Do your friends think you are an introvert or an extravert? Why? 

Interesting question. I sometimes wonder about that. My best guess would be that I'm seen as an ambivert - capable of the behaviors of both. I assume my friends find this aggravating, lol. I've had periods of being an extreme extravert, spending most of my time in others' company with no problem being the center of attention. I've sung and danced on bartops, dressed in panties, heels and fishnets for a Rocky Horror themed Halloween, and easily enjoyed myself with perfect strangers. But I've also spent months in solitude. Following one personal tragedy I spent almost two years avoiding people, even my closest friends, as much as I could.


Is there one passage in your book that you feel gets to the heart of your book and would encourage people to read it? If so, can you share it? 

One of my favorite passages comes to mind. I even remember the morning I wrote it. An hour afterward I was at work telling a friend about it, and was surprised to find tears welling in both of our eyes. Of course, taken out of context it won't seem as powerful, but it was this:


     "The tears had not yet stopped flowing from his eyes, but Oliver opened them and was granted the gift of the dawn. He was touched by its beauty, which was reflected in his glistening tears. Brilliant waves of gold seemed to have been frozen just as they were crashing upon the shores of the warm, pink sky. Behind Oliver, the last stars faded low on the horizon, but he did not look that way. He faced the rising sun. It had barely crept into the sky when it was joined by the moon, a pale yellow sliver that almost seemed to be winking at the little boy who watched it rise."


Tell us about your next release. 

My next book should be released by late Spring of next year. It's called A Day in the Life of Derwent Osgood. It's about a seven-year-old boy who gets lost in the city and spends the day trying to get back to his mother. He is very shy, too timid to ask for help, and so aside from a few unknowing helpers he is on his own - for the first time in his life. Over the course of the day he faces many fears and dangers, but he also explores the wonders and magic to be found in the world when seen through the eyes of a child. The boy and his mother both learn about themselves and their feelings for one another as they search the city, their troubled relationship becoming clearer to them through its absence and the possibility that it may be gone forever. Of course, you'll just have to wait and see if they ever find each other...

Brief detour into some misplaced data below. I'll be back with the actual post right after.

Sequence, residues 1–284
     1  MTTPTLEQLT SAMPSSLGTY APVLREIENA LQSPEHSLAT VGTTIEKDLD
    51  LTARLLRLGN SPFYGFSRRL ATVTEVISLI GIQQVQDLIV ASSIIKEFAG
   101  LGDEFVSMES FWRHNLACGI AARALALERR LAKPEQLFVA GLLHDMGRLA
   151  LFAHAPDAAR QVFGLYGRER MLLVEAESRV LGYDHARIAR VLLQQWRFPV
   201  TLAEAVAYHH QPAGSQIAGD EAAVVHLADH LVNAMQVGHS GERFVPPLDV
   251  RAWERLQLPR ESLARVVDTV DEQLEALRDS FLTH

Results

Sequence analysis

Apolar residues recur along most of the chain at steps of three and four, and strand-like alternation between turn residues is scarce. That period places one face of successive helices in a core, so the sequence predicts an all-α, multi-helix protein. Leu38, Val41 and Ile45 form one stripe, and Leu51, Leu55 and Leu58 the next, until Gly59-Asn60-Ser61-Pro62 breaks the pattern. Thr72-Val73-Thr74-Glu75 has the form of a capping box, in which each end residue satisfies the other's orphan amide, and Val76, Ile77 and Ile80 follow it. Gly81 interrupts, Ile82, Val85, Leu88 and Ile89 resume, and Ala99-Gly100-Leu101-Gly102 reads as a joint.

What do you find most rewarding about writing? 

I absolutely love getting feedback from my readers. I've learned so much about both the book and myself that way. I love to hear what has touched them the most, what different things symbolize to different people; I even love to hear about what they didn't like, lol! I am often surprised by how personal the book feels to my readers, and the intimate associations it draws from them, things that never would have occurred to me. When a reader lets me know that they have been moved to laugh, or to cry, or to think...that is an amazing feeling for me.


This interview is with Oliver, age three.


Where do you dream of traveling to and why? 

I wanna go home sometimes, to see Mommy and Daddy, and my doggie. I think my doggie misses me. I wanna go to the North Pole to see Sanna Claus, and I like the fi-yuh tchwees in Autumnland. Owen tole me about the jungle. He said that they-uh lions and tiguhs but the cow-pies would sit on they-uh heads and squish 'em if they tchwied ta eat us.


Is Owen your big brother? 

Yeah! He takes cayuh me. He won't evuh leave me and he won't evuh let the shadow eyes get me evuh again!


Are you afraid of the shadow eyes? 

Uh huh. They scayuhd me and made me cuh-why. They made Mommy mad a' me. Owen said it wasn't weal but I was scayud. They can't get us anymoa-uh. They can't get in owuh cave!


What do you want to be when you grow up? 

 (Tilts his head to its thinking spot) I dunno! I wanna be tall like Daddy! And I wanna be buh-wave wike Owen! He said when I get bigguh I can dwive the punkin!


What is your favorite meal?